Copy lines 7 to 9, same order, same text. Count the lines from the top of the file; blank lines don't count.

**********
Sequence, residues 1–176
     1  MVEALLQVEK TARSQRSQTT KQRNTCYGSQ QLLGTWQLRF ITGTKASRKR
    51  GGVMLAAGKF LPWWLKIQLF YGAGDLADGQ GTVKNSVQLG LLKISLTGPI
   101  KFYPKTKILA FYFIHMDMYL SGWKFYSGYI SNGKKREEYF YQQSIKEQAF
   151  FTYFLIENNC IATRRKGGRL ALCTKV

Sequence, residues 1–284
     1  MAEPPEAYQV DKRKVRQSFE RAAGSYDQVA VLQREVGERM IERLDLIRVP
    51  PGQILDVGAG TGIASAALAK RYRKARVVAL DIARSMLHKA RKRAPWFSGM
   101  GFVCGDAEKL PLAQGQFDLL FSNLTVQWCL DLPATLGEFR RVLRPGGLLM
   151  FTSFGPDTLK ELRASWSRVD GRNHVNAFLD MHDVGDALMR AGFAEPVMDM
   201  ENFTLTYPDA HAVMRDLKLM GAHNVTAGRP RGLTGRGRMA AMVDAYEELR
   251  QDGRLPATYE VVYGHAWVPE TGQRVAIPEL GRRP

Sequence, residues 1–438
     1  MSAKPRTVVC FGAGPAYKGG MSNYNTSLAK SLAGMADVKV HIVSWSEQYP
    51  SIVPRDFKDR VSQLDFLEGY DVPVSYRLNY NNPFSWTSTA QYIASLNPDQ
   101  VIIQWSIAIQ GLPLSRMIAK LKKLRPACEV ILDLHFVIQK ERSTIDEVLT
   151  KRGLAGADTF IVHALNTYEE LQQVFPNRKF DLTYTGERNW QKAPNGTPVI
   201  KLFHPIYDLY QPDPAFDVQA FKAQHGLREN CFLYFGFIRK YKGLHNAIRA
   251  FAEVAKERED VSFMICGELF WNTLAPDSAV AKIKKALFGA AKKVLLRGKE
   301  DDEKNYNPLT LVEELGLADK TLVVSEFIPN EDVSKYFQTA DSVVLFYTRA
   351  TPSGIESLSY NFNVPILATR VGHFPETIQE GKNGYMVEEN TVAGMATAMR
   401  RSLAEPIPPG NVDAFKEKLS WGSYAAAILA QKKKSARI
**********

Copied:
     1  MAEPPEAYQV DKRKVRQSFE RAAGSYDQVA VLQREVGERM IERLDLIRVP
    51  PGQILDVGAG TGIASAALAK RYRKARVVAL DIARSMLHKA RKRAPWFSGM
   101  GFVCGDAEKL PLAQGQFDLL FSNLTVQWCL DLPATLGEFR RVLRPGGLLM